Now 10 years old, the fully ripened Ventura County Master Chorale continues to make ambitiousness a platform. Last spring, the group performed Honneger's "King David," and in October, it tackled Menotti's "The Unicorn" in a co-production with the Plexus Dance Company.
Speaking of 10-year anniversaries, the 10th annual City Hall Concert Series, presented by the Ventura Arts Council, brought classical music to the marbled quarters of the City Hall foyer. Featured were pianist Sofia Cosma and the Albinger Trio, a piano-flute recital by Susan and Bryan Pezzone (which also incorporated digital doodads) and Carlos Gonzalez, the elegant Oxnard-bred classical guitarist.
While the Ventura Concert Theatre kept itself stocked with goodies in the rock and occasionally the pop-jazz end of things, locals found alternatives out near Ojai. The Wheeler Hot Springs musical menu featured jazz mostly based in blues: Charles Brown, Laurindo Almeida, Oscar Brown Jr. and Manhattan Transfer were among the showcase acts.
For Ventura County's most celebrated musical residents, it was as mixed as a year can get.
Ojai gal Rickie Lee Jones came bursting out with "Pop Pop," her most genteel and lilting project yet. The album is a fairly radical experiment, in which she turned down to a whisper and dished up Sinatra signature tunes, jazz standards, plus--for the baby boomers--Jimi Hendrix's "Up From the Skies" and perhaps the most chillingly intimate version of Jefferson Airplane's "Coming Back to Me" ever recorded.
For jazz icon Miles Davis (yes, we can call him a Ventura County resident, since he sometimes lived on our side of the county line in the Malibu area), 1991 was his last chorus. Davis engaged in a flurry of activity in the last months of his life--including a musical/acting role in the Australian film "Dingo" (nothing to write home about) and reunion concerts in Europe over the summer.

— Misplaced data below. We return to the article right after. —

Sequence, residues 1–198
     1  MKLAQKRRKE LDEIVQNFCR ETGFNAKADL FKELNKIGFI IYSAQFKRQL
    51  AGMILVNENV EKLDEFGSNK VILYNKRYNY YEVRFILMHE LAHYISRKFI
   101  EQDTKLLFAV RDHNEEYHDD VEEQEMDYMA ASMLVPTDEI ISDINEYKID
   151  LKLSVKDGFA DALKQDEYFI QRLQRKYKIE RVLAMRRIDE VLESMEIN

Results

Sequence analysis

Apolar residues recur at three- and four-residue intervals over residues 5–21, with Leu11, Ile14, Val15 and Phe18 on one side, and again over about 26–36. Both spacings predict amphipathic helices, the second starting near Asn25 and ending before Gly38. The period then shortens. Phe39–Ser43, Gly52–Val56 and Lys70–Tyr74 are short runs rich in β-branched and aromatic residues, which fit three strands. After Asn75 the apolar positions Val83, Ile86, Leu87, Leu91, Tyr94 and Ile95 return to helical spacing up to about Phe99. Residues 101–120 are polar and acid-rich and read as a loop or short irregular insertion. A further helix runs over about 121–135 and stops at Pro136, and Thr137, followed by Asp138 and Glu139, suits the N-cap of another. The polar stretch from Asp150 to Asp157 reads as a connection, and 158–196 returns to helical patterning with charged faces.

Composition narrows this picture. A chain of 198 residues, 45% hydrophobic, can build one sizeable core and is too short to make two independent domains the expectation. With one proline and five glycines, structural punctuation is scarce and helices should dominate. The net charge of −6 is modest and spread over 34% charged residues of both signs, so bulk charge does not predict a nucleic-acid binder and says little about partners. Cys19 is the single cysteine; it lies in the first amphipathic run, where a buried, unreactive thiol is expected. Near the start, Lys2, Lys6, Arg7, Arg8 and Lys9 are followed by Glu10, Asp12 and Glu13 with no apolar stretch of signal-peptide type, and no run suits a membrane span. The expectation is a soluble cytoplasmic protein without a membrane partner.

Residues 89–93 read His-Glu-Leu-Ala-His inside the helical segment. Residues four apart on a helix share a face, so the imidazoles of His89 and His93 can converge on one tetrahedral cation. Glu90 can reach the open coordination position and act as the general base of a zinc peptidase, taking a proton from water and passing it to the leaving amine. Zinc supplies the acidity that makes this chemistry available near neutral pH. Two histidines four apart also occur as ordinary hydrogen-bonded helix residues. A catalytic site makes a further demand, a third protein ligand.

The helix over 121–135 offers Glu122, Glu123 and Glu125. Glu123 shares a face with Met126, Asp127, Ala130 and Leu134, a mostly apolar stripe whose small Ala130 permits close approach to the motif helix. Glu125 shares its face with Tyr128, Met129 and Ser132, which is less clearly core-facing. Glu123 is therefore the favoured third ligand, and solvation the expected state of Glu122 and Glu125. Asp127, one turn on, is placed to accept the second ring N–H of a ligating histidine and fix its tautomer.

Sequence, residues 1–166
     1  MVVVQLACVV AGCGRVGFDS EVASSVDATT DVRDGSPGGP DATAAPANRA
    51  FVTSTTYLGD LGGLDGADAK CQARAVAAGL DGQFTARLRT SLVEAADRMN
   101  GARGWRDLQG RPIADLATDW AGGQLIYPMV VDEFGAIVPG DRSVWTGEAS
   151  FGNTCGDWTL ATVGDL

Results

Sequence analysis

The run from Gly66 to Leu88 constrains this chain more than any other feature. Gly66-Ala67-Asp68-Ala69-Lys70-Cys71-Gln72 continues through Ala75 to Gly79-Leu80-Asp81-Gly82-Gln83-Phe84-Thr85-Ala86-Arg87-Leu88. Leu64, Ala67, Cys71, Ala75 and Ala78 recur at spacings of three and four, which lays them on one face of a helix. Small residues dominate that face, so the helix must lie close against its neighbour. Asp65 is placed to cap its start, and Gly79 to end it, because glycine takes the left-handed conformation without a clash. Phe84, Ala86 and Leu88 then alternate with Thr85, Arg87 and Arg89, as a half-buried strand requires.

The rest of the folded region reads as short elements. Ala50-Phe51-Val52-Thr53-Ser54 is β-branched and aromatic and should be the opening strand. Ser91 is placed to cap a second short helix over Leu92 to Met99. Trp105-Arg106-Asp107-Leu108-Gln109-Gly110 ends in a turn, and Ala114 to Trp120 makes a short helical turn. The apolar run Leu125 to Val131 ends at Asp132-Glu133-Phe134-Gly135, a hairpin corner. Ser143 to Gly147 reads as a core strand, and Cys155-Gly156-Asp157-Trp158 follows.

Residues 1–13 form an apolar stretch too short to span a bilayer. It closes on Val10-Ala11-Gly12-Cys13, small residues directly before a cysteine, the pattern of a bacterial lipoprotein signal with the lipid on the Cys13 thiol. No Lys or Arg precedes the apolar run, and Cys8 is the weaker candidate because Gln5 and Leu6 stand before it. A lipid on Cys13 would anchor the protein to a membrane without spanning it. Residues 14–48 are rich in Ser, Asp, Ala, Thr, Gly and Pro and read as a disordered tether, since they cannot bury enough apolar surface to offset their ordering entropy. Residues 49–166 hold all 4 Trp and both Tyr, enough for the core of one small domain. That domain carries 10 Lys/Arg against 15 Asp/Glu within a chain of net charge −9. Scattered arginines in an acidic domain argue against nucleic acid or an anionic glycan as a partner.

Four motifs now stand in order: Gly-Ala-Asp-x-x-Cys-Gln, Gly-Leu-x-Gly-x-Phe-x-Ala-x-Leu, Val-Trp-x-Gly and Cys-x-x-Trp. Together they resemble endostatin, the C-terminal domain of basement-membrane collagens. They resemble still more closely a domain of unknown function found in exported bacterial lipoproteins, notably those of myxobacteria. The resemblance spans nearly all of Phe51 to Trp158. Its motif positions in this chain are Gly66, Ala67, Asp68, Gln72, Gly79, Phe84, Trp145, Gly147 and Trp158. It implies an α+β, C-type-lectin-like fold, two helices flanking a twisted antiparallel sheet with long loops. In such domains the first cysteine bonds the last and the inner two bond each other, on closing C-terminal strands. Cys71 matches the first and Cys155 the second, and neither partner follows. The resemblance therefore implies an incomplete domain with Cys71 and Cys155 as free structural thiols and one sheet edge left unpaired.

Elsewhere, it was a good year for Ventura County's jazz export business.
Case in point: Theo Saunders, a brilliant pianist who moved recently from Ojai to Oxnard, but whose primary work is in Santa Barbara. In recent months, Saunders has been honing a fine, cohesive and forward-leaning piano trio with bassist Chris Symer (from Santa Barbara) and drummer Michael Stephans (from Los Angeles). The trio, which plays at the Sea Cove and at SoHo in Santa Barbara, is one of the best reasons to get out at night and aim north.
Ventura-raised saxophonist Dave Binney, who moved to New York 10 years ago, made his way into your local music store with his first album as a leader, "Point Game," on the French Owl label.
Meanwhile, saxophonist Bryan McCann's group, The Jazzheads, still holds down its longstanding Tuesday night gig at the Hungry Hunter in Thousand Oaks. Serving up fusion fare while slipping in standards, the band gives the lie to the idea that you can't get away with playing jazz in this county.
Ventura County's classical forces have solidified and continue to grow, and its homespun new music scene is evolving happily.
All we need now is a bona fide jazz club to complete the civilizing of the local music landscape.